A temporary wet housing shelter will soon open in downtown Kelowna to help those who are living on the streets.
The new shelter will be located at 1265 Ellis Street, near BNA Brewing Co., and is expected to open its doors in late December or early January.
The shelter will initially open with 20 beds with the possibility of expanding to 40 beds if needed.
Only people who are over 19 years of age will be allowed to stay at the shelter, which will be operated by a volunteer-based group called the Welcome Inn in partnership with BC Housing. The organization hopes to keep the shelter open 24/7, but depending on staff availability the shelter may initially open only at night.
BC Housing confirmed there will be a designated area that will allow drug use, which will be monitored by staff.
“Due to the significant number of people in Kelowna who are experiencing homelessness and living outside, existing shelters are at or near capacity on a nightly basis,” stated a press release from the ministry of municipal affairs and housing.
“The province’s non-profit partners in the region are also running at capacity, limiting their ability to take on additional initiatives. Faced with the need, and the lack of traditional options, BC Housing is partnering with Welcome Inn, a new community-based group that came together in order to operate the shelter.”
Two local residents, Tara Tschritter, who previously managed Inn from the Cold, and Jason Siebenga, the chairman of Metro Community Church, started Welcome Inn.
Siebenga said he and Tschritter reached out to Journey Home and BC Housing after becoming deeply troubled by the fact that so many people are sleeping outside in subzero temperatures.
“Like many of you, I have watched this crisis unfold from the warmth and comfort of my home over the past few months” said Tschritter, in a press release.
“With funding and a great location we are confident that volunteers and shelter staff will emerge from our compassionate community.”
To help them get started, they have partnered with a service provider from Vernon called Turning Points Collaborative Society, which will help train staff and help them manage the funds for the shelter.
Kelowna’s Gospel Mission is also one of Welcome Inn’s partners and will provide meals for the residents. There will be storage for people’s belongings, washrooms and a common room. BC Housing stated there will be two staff on-site at all times and will be able to provide information about the project and contact for neighbours and community members who may have concerns.
“The big thing here is we’re just two concerned citizens who are willing to step up, but we believe the community will step up behind us,” Siebenga said.
“We need a significant number of volunteers and staff. BC Housing has offered to give us budget for whatever staff we can bring on, but we know that right now, there’s just a shortage of workers in this industry. So we really have to tap into the community to make it so that people aren’t left sleeping on the streets this winter.”
Siebenga added they’re looking for volunteers who have social work and nursing experience, but they will still provide training to those who don’t.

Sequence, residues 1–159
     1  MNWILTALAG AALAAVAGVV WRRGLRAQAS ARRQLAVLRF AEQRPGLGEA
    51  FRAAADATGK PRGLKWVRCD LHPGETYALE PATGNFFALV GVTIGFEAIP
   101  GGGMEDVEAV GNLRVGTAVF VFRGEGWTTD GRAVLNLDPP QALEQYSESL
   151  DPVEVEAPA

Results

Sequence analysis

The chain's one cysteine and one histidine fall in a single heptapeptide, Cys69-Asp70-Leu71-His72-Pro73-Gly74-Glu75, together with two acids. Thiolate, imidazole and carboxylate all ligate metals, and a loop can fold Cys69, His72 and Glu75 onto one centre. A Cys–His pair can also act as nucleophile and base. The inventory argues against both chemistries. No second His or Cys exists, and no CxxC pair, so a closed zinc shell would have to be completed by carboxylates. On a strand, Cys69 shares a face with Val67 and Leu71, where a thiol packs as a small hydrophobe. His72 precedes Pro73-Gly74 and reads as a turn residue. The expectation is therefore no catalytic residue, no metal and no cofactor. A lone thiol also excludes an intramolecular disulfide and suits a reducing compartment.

BC Housing will be paying for the operational costs, renovations and the lease of the building. Siebenga said they expect to close the shelter once outside temperatures are safe for people to go back outside.
There are currently three shelters in Kelowna with a total of 160 spaces that are open and funded by the province, however, with the addition of the recently announced Fuller Avenue site and the Welcome Inn temporary shelter, there will soon be at least 220 spaces available for people experiencing homelessness.
“Welcome Inn is really just a short-term emergency shelter to get people out of the cold. Journey Home has got plans and is working on an overall strategy to house people so they don’t have to experience homelessness in our city but that’s a work in progress. This is just about the emergency need for people that are currently sleeping outside in subzero temperatures.”
1265 Ellis Street will be redeveloped into a community centre once Welcome Inn closes in the spring, Siebenga confirmed.
In addition to shelters, the province has opened more than 80 supportive homes in Kelowna since October 2018, including Heath House (40 homes) and Hearthstone (46 homes).
On top of that, there are three more provincially-funded supportive housing projects that are in progress in the Kelowna area that will provide more than 150 units for people experiencing homelessness in the community.
Two of the projects are expected to open next spring, while the third will be ready in 2021.
BC Housing said it is also currently providing rent subsidies for 184 people or households who were experiencing homelessness, enabling them to live and rent in the private market.
Across the province, the government has opened nearly 2,100 units of supportive housing in the last two years, with more than 800 additional homes underway.
According to the province, these developments are part of the government’s Homes for BC housing plan, which intends to build a total of 114,000 affordable homes over 10 years, including 4,700 units of supportive housing for people experiencing homelessness.
A map showing the location of all announced provincially funded housing projects in B.C. is available online: